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E.U. Parliament votes to force "data retention" on telecom, Net firms

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-------- Original Message --------
Subject: EU Parliament agrees to data retention
Date: Wed, 14 Dec 2005 16:20:00 +0100
From: Ralf Bendrath <bendrath@zedat.fu-berlin.de>
Reply-To: bendrath@zedat.fu-berlin.de
To: Declan McCullagh <declan@well.com>

Declan, something for Politech? Very bad news from Europe.

The European Parliament this morning voted in favour of a backroom deal
that had been made between the two big parties in Brussels and the Council
of Ministers, currently chaired by the UK. The deal completely ignored the
amendmends proposed by the Parliament's Rapporteur and by the Justice and
Civil Liberties Committee that was (well - officialy) in charge of the
process. After a hot debate and a number of signs of cracks in the party
blocks, a majority of 378 parliamentarians voted in favour of mandatory
retention of telecommunications data, 197 against, 30 abstained.

This is in short what we will get now:

- retention of telephone and internet connection data (including email
addresses) and location data for mobile phone calls
- no harmonisation of the retention period (6 to 24 months but longer is
allowed: Poland wants 15 years)
- no harmonisation of cost reimbursement for the needed investments on the
providers' side
- no limitation to certain types of crimes for which access is allowed
- retention of unsuccessful call attempts
- no independent evaluation
- no extra privacy safeguards
- follow-up committee without representation from civil rights organisations

Civil liberties organizations, consumers organizations and all the telco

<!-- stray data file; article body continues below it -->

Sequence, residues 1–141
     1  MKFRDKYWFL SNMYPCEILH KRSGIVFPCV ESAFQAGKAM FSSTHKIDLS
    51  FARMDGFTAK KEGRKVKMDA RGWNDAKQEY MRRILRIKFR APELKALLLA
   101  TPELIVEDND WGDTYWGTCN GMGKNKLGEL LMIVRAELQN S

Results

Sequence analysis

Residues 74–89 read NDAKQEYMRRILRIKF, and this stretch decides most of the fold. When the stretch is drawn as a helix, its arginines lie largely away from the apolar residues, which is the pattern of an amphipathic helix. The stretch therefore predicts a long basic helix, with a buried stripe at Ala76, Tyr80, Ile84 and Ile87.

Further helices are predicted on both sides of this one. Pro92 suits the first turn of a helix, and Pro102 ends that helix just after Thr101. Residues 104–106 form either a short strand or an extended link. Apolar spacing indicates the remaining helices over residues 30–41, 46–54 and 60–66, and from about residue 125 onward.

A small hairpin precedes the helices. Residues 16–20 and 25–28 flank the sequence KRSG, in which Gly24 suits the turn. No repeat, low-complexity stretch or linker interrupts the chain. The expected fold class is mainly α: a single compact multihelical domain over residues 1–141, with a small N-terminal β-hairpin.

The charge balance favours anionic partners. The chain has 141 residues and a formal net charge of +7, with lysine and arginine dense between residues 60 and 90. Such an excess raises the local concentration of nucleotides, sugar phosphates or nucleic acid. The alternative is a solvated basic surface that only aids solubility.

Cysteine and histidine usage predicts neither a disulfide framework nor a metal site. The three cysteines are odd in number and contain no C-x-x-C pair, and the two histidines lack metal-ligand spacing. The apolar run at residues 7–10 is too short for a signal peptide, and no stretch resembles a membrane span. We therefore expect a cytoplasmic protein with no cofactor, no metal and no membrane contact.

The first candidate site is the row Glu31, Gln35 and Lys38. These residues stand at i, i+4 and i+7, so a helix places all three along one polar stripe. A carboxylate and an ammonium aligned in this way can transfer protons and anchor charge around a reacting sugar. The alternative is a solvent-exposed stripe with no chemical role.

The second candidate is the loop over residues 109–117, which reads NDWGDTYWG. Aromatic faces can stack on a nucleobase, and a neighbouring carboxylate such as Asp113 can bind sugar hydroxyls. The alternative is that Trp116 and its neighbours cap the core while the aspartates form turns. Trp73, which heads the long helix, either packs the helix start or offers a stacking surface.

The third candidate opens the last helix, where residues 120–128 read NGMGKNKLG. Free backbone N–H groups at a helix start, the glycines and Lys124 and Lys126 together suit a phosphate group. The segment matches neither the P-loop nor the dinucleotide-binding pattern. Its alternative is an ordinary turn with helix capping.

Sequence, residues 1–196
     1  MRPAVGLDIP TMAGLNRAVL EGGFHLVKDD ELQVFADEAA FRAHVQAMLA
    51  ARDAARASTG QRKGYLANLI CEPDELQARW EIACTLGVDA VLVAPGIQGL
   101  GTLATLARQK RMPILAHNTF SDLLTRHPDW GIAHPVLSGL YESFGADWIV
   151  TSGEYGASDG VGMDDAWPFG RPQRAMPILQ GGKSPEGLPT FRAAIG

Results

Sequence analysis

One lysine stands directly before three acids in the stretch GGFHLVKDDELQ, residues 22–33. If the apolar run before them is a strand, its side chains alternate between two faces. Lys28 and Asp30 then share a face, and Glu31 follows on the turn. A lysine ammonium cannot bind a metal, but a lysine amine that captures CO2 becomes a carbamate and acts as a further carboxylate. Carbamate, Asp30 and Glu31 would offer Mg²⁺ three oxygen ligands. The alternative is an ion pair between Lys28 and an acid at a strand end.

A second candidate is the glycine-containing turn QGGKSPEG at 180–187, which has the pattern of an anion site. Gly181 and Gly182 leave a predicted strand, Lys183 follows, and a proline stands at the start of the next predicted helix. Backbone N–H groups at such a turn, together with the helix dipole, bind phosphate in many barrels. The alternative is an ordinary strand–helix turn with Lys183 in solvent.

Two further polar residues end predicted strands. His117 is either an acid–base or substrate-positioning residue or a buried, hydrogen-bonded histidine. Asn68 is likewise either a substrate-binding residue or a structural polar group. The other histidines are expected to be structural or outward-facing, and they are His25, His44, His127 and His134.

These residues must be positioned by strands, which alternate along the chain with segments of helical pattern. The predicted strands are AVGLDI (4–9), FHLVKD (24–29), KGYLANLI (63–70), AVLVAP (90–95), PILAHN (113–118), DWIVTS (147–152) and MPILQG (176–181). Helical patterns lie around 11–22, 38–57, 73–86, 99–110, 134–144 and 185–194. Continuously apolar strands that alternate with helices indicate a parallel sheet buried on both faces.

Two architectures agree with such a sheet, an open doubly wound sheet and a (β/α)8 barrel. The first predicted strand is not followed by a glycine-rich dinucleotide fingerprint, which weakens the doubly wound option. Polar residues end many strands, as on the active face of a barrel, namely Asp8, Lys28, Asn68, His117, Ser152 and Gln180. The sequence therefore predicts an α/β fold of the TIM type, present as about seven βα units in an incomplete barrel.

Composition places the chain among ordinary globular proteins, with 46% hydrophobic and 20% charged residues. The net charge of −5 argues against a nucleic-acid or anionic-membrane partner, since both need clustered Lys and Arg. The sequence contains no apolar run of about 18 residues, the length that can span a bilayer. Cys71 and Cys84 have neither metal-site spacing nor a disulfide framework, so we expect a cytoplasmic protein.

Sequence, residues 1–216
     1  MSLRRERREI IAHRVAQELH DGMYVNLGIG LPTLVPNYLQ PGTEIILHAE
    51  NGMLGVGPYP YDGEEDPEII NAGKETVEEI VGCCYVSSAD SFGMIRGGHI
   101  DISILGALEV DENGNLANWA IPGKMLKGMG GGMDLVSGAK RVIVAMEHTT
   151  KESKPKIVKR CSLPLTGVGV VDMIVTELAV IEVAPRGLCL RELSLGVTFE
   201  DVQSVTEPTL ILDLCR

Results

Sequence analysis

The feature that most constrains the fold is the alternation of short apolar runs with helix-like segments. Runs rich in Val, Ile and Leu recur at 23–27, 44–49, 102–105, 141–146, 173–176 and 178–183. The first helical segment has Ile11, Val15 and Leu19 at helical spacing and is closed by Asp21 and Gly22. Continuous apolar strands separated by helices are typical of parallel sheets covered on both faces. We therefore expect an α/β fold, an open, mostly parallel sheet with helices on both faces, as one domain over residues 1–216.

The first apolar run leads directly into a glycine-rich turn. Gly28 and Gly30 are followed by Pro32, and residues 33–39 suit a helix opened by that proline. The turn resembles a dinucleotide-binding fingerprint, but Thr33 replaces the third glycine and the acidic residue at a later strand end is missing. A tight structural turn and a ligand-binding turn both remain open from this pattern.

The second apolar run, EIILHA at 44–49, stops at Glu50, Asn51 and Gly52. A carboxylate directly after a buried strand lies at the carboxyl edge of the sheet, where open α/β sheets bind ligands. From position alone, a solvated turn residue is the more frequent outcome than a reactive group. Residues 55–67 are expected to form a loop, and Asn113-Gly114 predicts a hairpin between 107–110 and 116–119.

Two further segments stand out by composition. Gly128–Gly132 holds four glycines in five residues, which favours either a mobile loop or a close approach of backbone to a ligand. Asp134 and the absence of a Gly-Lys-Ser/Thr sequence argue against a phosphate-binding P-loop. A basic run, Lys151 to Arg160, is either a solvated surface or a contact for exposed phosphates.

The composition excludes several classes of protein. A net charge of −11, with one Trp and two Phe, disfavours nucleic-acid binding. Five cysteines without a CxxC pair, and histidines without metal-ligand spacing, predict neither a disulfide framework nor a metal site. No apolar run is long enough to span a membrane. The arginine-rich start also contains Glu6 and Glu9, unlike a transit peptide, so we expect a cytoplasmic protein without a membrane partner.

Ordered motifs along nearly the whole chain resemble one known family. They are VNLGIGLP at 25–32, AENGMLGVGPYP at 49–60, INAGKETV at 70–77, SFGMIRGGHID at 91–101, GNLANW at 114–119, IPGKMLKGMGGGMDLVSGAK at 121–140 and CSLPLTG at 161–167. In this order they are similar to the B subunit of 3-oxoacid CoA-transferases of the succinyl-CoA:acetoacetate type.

industry associations as well as journalists associations had been
fighting like hell against this major and unprecedented surveillance plan
until the last minute. We did not win (the outcome is in fact the worst
possible, exactly what the UK home affairs minister Clarke wanted), but we
at least raised a lot of awareness and disturbed the conservative and
social-democrat party lines. But the UK council presidency had pushed so
hard after the London bombings that this directive will enter the EU
history as the one which took the shortest time ever from the first
Commission draft to the final vote (less than three months - normally they
need years).

The next steps will be the adoption by the Council of Ministers (before
christmas) and then the implementation process into national laws. There
will be challenges to this plan before the constitutional courts. I am
pretty sure that the German constitutional court will not like it, as it
recently had ruled unconstitutional a major eavesdropping plan on phone
calls - and that one was only directed at suspicious persons, whereas the
EU directive applies to every single communication of all 450 Million
inhabitants of the EU.

More information, including recordings of the EP debate, is available at

(European Digital Rights, www.edri.org)

Posted by Declan McCullagh on Dec 14, 2005 in category privacy

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